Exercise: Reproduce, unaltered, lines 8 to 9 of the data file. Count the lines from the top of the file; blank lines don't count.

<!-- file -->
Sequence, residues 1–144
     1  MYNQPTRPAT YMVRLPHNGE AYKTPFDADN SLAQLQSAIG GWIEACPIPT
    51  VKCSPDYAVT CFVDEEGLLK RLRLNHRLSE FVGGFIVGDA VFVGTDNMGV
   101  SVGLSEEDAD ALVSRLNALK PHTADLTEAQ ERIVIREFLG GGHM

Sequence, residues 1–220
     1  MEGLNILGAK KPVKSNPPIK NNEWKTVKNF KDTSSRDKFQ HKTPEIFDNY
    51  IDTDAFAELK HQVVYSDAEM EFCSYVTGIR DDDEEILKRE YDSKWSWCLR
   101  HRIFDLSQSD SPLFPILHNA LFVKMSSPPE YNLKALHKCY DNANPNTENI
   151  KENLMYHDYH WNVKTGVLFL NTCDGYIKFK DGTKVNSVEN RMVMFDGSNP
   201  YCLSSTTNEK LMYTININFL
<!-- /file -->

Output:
   101  HRIFDLSQSD SPLFPILHNA LFVKMSSPPE YNLKALHKCY DNANPNTENI
   151  KENLMYHDYH WNVKTGVLFL NTCDGYIKFK DGTKVNSVEN RMVMFDGSNP